Exercise Doesn’t Work

Do you exercise at least five days a week and weigh the same as you did when you began exercising? If so, that sounds about right.

What I’m about to say may upset a lot of people—my clients, exercisers employing the services of other personal trainers, exercisers not employing the services of trainers, those new to exercise, veteran exercisers, and my fellow personal training brethren and sistren. (There, I think I got everyone.) For what it’s worth, it hurts me to even say it.

Exercise doesn’t work.

There, I said it. All right! Well, see you later. Just kidding. There’s no way I’d leave you hanging like that. Okay, there’s more.

Exercise doesn’t work for fat loss.

Still doesn’t feel too good hearing that, does it? I mean, most of us are most interested in fat loss. That’s why we exercise in the first place, right? Heck, some of us think it’s the only reason to exercise. Okay, let’s take it one step farther.

Exercise alone doesn’t work for fat loss.

A 2008 study published in Nutrition & Metabolism demonstrated that exercise alone does little to alter one’s body composition. In the 10-week study, which included five days of purposeful exercise (two strength training sessions per week and three endurance training sessions per week), and no change in their dietary intake, participants saw an unimpressive 0.6-pound reduction in total body weight.

In a similar study performed at the University of Texas, participants exercised five days a week (three strength training sessions per week and two endurance) for 12 weeks. Again, there was no altering of the participants’ diet. At the end of 12 weeks, the average total weight loss for the participants was (drum roll, please) non-existent. Participants actually gained one pound! [Cymbal crashes]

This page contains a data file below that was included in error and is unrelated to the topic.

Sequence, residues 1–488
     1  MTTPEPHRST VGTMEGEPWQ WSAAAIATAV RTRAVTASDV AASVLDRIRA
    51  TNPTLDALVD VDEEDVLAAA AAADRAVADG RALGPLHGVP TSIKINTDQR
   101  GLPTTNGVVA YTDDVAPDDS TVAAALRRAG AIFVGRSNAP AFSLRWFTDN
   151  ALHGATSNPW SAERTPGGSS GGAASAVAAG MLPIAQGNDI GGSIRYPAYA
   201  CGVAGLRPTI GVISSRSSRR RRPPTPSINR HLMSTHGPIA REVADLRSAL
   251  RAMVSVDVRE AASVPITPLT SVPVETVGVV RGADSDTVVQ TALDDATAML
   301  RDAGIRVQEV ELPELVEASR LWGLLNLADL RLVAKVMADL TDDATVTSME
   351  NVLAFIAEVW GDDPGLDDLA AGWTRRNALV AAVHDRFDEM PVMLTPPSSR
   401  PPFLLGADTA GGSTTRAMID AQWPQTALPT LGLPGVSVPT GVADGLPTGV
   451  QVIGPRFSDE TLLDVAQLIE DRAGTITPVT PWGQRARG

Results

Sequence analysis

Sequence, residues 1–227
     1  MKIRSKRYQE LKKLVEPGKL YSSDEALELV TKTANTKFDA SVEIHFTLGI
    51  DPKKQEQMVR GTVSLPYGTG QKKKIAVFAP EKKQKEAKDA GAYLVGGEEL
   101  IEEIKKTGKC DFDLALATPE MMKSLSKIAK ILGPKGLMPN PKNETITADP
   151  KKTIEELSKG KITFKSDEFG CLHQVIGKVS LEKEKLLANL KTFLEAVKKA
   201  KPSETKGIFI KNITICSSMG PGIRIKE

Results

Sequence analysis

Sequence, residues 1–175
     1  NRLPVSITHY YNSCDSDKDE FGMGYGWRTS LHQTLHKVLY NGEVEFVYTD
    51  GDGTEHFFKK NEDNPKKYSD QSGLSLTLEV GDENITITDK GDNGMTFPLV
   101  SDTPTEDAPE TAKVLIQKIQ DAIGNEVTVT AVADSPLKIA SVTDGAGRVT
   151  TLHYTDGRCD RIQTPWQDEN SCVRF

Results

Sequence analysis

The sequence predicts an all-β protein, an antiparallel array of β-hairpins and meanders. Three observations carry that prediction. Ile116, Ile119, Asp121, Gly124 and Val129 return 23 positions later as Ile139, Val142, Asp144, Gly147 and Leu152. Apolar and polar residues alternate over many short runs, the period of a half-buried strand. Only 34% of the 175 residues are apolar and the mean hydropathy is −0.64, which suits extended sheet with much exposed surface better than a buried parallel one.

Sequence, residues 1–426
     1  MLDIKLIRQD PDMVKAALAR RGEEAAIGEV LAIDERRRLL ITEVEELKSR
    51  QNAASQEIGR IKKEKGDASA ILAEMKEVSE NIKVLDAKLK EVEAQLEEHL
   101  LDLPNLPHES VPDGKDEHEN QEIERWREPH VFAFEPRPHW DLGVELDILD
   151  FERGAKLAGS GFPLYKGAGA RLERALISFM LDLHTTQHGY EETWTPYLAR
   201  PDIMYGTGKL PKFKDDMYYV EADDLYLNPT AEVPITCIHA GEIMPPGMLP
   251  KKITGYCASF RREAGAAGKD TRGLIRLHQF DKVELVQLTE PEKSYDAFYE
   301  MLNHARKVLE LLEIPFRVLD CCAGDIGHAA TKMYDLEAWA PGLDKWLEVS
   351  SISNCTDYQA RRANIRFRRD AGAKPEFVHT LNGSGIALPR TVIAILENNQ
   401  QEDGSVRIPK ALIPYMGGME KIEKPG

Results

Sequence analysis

If you had been exercising (or have been exercising) like the participants in this study, how would it feel (or does it feel) to have invested many hours (and for some, dollars) in something that didn’t (and doesn’t) achieve the result you want?! Hurts doughnut?

So, is the lesson to stop exercising? Uh, no. So, before you drop [kick] your trainer (present company included), cancel your gym membership, or donate your fitness apparel to Goodwill, there has still been a great return on your investment. The evidence demonstrating the benefits of exercise is indisputable. Even in the former study, participants increased strength, improved cardiorespiratory fitness, and lowered total cholesterol and triglycerides. But if the goal is fat loss, exercise alone isn’t enough. I say “alone” because exercise is essential for long-term, sustainable weight loss.

“The American College of Sports Medicine (ACSM) Position Stand, ‘Appropriate intervention strategies for weight loss and prevention of weight regain for adults’, states there is little evidence to suggest that exercise-alone is as effective as energy restriction for promoting weight loss. Energy restriction-alone is not, however, a sustainable long-term solution for continued improvements in body composition and health, and instead, it has been reported that greater than 50% of subjects that lose weight because of dietary restriction-alone eventually regain the weight.”

You must exercise to have successful weight loss. So, if exercise is essential for successful weight loss, but in and of itself isn’t enough for weight loss, what’s the missing piece? I’m about to say a four-letter word . . . diet.

Now, by “diet” I don’t mean “a special course of food to which one restricts oneself, either to lose weight or for medical reasons,” i.e., “I’m going on a diet.” I mean, “the kinds of food that a person, animal, or community habitually eats” (e.g., a Mediterranean diet, a vegetarian diet, the standard American diet).

If you’re to achieve the weight loss you seek, you need to change the kinds of food you eat (and the amount, too). If you want those results to be long-term, you need exercise. So, here’s the take-home: if you want remarkable results, you must change your diet AND exercise.